A total of 113 workers will be laid off when the Big Kmart closes in Griffith after the end of the Christmas shopping season.
Sears, which has shrunk from 355,000 employees to just 68,000 over the past 12 years, told the state of Indiana in a Worker Adjustment and Retraining Notification, or WARN notice, that the employees would be laid off on or around Dec. 31.
Hoffman Estates-based Sears, a 132-year-old retail giant that once single-handedly accounted for a full 1 percent of America's gross domestic product and built the then-tallest skyscraper in the world, filed for bankruptcy Monday.
It is shuttering the Griffith Kmart and 141 other stores nationwide in a last-ditch bid to slim down to become a smaller, more viable company.
The company said it was closing unprofitable stores as it looked to restructure its debt and find a path forward.
"Please be advised that due to a change in business circumstances, Kmart Corporation will permanently cease its entire operations and close its Kmart store at 430 W. Ridge Road in Griffith," Kmart and Sears Retail Divisional Vice President of Human Resources Aimee Grabau wrote in a letter to the Indiana Department of Workforce Development. "Employee separations are expected to begin on or around Dec. 31, or during the 14-day period beginning on that date."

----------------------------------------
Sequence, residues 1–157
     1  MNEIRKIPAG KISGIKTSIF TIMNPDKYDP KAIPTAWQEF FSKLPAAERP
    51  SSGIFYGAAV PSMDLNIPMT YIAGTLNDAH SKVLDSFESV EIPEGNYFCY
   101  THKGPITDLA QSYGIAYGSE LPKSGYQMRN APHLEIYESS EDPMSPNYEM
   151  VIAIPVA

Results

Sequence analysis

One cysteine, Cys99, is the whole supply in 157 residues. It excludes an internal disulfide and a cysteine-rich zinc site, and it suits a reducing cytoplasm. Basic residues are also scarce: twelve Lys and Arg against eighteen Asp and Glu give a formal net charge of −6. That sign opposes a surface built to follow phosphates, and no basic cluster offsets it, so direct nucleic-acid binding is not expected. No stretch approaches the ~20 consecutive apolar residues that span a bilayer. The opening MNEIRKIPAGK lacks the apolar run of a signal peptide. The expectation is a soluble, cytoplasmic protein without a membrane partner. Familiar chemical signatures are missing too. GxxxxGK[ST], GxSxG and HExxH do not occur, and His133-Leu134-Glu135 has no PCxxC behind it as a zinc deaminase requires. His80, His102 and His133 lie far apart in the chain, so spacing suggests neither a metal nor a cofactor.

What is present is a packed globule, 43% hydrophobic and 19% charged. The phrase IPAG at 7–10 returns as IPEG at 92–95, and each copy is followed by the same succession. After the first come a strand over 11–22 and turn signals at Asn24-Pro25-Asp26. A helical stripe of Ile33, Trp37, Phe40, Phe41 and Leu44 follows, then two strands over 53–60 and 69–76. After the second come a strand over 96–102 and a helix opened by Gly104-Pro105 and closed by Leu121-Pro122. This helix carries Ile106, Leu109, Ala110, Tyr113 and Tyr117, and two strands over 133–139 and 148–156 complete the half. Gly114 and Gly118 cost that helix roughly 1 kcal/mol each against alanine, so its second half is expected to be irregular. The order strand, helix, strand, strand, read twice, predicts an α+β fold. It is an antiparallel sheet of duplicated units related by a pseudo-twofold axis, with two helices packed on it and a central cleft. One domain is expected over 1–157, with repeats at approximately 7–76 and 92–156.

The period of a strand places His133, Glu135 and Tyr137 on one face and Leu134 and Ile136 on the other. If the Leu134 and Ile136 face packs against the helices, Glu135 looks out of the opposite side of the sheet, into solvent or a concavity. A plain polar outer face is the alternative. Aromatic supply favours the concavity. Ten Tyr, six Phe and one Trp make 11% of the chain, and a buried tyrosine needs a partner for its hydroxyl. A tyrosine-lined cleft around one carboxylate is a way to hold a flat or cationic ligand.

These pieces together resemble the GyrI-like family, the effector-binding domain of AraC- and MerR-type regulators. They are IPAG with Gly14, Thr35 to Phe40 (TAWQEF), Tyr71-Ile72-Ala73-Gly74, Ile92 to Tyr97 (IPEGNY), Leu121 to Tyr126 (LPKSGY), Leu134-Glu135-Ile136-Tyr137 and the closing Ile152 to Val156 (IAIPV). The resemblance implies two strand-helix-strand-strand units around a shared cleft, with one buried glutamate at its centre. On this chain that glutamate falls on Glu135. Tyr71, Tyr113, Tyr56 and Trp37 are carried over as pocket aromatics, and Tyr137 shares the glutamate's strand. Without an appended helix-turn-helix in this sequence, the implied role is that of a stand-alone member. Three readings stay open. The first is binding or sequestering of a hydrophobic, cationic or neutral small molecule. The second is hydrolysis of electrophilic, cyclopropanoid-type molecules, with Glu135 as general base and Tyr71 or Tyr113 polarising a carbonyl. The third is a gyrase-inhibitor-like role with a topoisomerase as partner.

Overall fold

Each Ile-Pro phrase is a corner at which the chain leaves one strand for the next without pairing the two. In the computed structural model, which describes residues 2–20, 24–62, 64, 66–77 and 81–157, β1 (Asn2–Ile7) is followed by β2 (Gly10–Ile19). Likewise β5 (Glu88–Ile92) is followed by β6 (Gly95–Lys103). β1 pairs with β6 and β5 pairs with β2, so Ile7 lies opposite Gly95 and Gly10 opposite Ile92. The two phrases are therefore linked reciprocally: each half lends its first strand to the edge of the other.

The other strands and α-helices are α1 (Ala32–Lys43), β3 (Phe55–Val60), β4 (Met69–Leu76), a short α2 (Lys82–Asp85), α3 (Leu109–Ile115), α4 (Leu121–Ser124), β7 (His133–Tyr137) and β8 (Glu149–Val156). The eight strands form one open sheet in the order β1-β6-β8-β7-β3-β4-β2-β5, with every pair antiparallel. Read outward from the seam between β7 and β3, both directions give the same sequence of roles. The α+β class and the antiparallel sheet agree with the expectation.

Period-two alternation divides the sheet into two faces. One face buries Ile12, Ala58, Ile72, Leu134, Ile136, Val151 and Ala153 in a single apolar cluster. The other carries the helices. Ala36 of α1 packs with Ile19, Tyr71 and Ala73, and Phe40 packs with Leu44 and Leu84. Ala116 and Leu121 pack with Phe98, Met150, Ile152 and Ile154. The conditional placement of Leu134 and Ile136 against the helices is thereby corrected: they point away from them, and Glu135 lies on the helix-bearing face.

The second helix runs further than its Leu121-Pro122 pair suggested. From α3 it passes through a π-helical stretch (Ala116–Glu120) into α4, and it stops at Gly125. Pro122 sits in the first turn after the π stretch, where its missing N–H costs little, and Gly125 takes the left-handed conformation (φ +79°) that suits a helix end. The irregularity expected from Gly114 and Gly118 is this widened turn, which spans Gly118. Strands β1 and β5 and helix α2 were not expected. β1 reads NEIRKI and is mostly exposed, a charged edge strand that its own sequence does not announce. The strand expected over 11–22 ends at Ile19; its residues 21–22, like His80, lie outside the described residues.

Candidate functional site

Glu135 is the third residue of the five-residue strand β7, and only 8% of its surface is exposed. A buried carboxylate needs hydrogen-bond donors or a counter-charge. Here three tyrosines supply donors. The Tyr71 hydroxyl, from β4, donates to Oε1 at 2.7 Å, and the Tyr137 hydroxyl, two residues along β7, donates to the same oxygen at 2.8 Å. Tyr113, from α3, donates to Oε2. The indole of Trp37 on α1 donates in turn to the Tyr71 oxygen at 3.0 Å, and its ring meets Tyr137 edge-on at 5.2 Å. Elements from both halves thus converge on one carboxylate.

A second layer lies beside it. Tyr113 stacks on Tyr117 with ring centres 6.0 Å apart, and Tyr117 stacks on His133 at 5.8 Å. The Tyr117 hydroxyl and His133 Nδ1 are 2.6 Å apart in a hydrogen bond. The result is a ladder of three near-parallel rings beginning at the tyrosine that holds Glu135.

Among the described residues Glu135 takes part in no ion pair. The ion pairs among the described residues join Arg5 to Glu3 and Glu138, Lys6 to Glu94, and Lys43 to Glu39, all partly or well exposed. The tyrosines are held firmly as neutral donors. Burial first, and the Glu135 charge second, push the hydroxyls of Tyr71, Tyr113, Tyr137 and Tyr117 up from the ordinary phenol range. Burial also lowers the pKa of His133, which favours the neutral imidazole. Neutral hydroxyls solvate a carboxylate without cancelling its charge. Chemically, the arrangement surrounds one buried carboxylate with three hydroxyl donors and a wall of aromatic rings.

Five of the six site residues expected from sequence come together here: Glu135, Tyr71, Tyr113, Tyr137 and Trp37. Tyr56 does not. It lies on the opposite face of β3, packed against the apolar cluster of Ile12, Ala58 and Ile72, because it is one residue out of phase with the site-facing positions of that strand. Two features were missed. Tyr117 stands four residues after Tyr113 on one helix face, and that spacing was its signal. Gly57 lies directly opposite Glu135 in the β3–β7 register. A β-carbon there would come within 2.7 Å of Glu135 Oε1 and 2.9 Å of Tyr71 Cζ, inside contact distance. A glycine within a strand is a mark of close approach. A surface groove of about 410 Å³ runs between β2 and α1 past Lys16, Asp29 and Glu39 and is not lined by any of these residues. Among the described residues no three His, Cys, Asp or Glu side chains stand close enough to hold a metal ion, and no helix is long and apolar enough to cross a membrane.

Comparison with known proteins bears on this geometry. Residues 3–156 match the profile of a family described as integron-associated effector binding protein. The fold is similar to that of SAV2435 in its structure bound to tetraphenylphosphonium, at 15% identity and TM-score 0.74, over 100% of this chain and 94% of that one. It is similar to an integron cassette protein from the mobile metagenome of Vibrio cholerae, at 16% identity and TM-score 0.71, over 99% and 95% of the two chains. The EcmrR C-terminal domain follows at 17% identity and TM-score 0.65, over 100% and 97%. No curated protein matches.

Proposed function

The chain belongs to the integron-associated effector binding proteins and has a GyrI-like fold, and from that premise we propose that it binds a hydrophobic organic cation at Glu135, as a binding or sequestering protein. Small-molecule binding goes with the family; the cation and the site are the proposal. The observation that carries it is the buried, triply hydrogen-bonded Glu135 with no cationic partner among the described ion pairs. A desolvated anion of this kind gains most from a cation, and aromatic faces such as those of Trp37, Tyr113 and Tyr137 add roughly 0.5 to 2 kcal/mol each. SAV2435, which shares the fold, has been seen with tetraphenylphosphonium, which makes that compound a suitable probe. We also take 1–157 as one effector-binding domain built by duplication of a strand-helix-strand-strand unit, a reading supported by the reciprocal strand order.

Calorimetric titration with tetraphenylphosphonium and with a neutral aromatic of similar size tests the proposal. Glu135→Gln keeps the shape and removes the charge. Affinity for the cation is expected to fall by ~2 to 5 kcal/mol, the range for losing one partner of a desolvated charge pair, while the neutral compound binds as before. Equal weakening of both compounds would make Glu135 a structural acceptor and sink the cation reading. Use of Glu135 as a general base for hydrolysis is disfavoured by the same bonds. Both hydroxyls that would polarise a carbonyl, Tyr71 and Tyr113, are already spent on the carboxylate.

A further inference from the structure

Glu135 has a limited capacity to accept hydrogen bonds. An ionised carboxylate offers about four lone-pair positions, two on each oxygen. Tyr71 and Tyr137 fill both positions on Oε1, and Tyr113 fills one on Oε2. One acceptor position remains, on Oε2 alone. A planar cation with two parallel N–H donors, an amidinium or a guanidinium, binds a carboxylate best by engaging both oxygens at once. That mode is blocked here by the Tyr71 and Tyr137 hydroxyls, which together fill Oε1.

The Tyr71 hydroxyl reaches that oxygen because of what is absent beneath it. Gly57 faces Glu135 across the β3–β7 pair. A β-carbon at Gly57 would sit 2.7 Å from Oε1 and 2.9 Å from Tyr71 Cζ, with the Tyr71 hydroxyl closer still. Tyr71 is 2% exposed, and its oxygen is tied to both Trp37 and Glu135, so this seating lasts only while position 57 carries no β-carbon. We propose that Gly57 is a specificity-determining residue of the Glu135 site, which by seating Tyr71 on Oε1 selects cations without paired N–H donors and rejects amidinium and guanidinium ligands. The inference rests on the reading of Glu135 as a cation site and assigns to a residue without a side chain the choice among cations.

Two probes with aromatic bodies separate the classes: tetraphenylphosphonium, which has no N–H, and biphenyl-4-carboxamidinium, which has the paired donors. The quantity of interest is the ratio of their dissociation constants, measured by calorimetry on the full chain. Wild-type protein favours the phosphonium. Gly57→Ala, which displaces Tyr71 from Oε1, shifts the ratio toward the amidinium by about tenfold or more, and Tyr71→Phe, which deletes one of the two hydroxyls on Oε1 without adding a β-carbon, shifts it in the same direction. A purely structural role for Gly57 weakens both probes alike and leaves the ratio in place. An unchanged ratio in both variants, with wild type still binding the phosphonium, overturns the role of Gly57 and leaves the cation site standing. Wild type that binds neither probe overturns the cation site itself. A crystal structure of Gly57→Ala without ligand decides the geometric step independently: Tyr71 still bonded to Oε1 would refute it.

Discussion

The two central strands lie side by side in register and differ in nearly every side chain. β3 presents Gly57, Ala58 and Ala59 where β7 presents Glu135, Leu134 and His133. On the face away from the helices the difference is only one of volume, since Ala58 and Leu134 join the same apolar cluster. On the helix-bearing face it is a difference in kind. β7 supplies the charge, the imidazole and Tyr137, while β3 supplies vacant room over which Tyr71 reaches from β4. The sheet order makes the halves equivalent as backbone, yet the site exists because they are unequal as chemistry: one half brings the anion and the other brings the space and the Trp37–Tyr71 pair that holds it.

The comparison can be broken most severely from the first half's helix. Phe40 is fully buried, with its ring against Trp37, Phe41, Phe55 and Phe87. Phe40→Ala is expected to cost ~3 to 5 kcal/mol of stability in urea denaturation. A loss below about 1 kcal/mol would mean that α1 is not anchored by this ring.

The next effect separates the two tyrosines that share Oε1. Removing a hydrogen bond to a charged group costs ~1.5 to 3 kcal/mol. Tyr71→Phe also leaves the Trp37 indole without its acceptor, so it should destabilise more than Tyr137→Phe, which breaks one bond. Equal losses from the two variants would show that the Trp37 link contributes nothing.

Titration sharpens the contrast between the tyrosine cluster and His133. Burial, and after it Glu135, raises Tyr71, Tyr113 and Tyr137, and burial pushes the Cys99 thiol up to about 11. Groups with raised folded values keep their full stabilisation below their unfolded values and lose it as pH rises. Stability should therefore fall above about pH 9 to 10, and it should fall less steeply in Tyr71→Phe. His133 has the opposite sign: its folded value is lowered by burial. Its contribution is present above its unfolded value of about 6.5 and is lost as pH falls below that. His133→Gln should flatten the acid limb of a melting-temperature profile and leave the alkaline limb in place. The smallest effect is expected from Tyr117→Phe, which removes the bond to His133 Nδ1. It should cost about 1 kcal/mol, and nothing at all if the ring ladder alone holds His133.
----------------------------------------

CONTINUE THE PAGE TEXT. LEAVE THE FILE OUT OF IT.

The layoffs include 20 checkout service associates, 27 merchandisers, 21 associates and leaders at the in-store Little Ceasars restaurant, a pharmacist and four pharmacy technicians, according to the WARN notice.
The discount chain Kmart, known for its Blue Light Specials, replaced Venture at the Griffith Park Plaza outdoor shopping center at Cline Avenue and Ridge Road during the 1990s.
After closing several Region locations in recent years, including in Merrillville, Chesterton and LaPorte, Kmart's only remaining store in Northwest Indiana is in Valparaiso once the Griffith store closes.
Sears, the iconic retailer that first catered to far-flung farmers across America's heartland in the 19th century through its famous catalog, has sold everything from covered wagons to home kits to Kenmore appliances and Craftsman tools.
Faced with competition from Walmart, Target and online retailers like Amazon, the once-ubiquitous staple of suburban shopping malls has not turned an annual profit since 2010 and has lost $11 billion since then.